The finding that much of the staining of dormant B. subtilis spores with the lipophilic stains di-4-ANEPPS and 10-N-nonyl acridine orange was likely due to binding to spore coat proteins prompted us to re-examine the use of the binding of a membrane potential-sensitive dye to assess the membrane potential in dormant and germinated spores of several Bacillus species (Laflamme et al., 2005a). It is not surprising that fully germinated spores would have a membrane potential, since metabolism begins in the outgrowing spore soon after completion of germination (Paidhungat and Setlow 2002; Setlow 2003). However, significant binding of a membrane potential-sensitive dye to dormant spores has also been reported, suggesting that dormant spores may have a significant potential difference across at least one of the spore membranes (Laflamme et al., 2005a). This result is unexpected, since dormant spores lack major high-energy small molecules such as ATP and reduced pyridine nucleotides, although oxidized pyridine nucleotides, AMP and some ADP are present (Paidhungat and Setlow 2002; Setlow 2003). However, the binding of the membrane potential—sensitive dye to dormant spores appears to be specific, since it was eliminated by addition of a proton ionophore that can dissipate membrane potential (Laflamme et al., 2005a).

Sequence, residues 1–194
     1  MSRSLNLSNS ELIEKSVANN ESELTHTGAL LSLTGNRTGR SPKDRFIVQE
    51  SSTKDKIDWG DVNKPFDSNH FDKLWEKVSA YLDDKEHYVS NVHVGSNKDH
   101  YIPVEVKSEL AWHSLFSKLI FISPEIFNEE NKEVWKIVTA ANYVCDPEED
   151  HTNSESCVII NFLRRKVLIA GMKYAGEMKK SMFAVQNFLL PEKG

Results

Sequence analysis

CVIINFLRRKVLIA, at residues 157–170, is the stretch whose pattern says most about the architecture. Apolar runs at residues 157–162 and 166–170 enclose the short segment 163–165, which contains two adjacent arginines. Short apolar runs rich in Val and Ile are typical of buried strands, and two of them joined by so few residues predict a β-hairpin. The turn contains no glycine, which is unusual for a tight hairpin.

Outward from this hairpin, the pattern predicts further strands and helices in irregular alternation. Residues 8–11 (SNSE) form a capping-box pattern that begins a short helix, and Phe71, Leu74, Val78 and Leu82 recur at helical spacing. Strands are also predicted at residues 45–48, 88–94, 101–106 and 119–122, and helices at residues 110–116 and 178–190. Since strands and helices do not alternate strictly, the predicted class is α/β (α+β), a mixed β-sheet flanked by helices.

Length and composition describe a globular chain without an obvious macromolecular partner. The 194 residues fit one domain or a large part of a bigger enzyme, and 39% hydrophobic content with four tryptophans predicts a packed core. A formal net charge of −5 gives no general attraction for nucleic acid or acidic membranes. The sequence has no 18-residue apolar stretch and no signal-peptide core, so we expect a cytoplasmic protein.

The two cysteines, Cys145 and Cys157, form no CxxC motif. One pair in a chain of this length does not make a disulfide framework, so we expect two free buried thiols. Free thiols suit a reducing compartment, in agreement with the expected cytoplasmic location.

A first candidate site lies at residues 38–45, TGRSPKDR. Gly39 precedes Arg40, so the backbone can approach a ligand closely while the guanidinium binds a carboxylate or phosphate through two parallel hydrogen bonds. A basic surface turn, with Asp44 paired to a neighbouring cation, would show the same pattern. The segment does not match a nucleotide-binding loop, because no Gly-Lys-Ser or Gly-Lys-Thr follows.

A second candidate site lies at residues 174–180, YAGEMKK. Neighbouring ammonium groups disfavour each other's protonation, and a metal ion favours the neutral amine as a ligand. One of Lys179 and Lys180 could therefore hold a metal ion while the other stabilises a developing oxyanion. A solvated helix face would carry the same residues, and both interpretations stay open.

To re-investigate the possible membrane potential in dormant and germinating spores, we used both B. subtilis and B. megaterium spores, and measured the uptake of the membrane potential-sensitive dye DiOC6(3) by flow cytometry as described (Laflamme et al., 2005a). As reported previously, dormant spores of both Bacillus species took up a significant amount of this dye, and the amount of dye adsorbed was greatly reduced in the presence of the protonophore FCCP (Fig. 6a-f; Table 1). Chemical decoating of B. subtilis or B. megaterium spores did not reduce the spore fluorescence upon addition of this dye (Table 1). This observation indicated that membrane potential-sensitive dye binding was not due to a potential across the spore’s outer membrane, as this membrane is largely removed during chemical coat removal (Buchanan and Neyman 1986). However, it was most surprising that treatment of spores of both species for 1 hr at 95°C, a treatment that killed > 99.9% of the spores and released > 95% of all small molecules (data not shown), had no effect on the binding of DiOC6(3) by these spores (Table 1). This suggested that perhaps the binding of this dye to dormant spores was due to non-specific adsorbtion to spore coat material, much as was the binding of di-4-ANEPPS and 10-N-nonyl acridine orange as noted above. Consequently, we also examined the binding of DiOC6(3) to dormant cotE gerE (PS4150) spores that lack the great majority of coat proteins. As found with di-4-ANEPPS and 10-N-nonyl acridine orange, there was minimal if any binding of this dye to these spores (Table 1), suggesting that the binding of this dye to wild-type spores is again due to adsorbtion to coat proteins.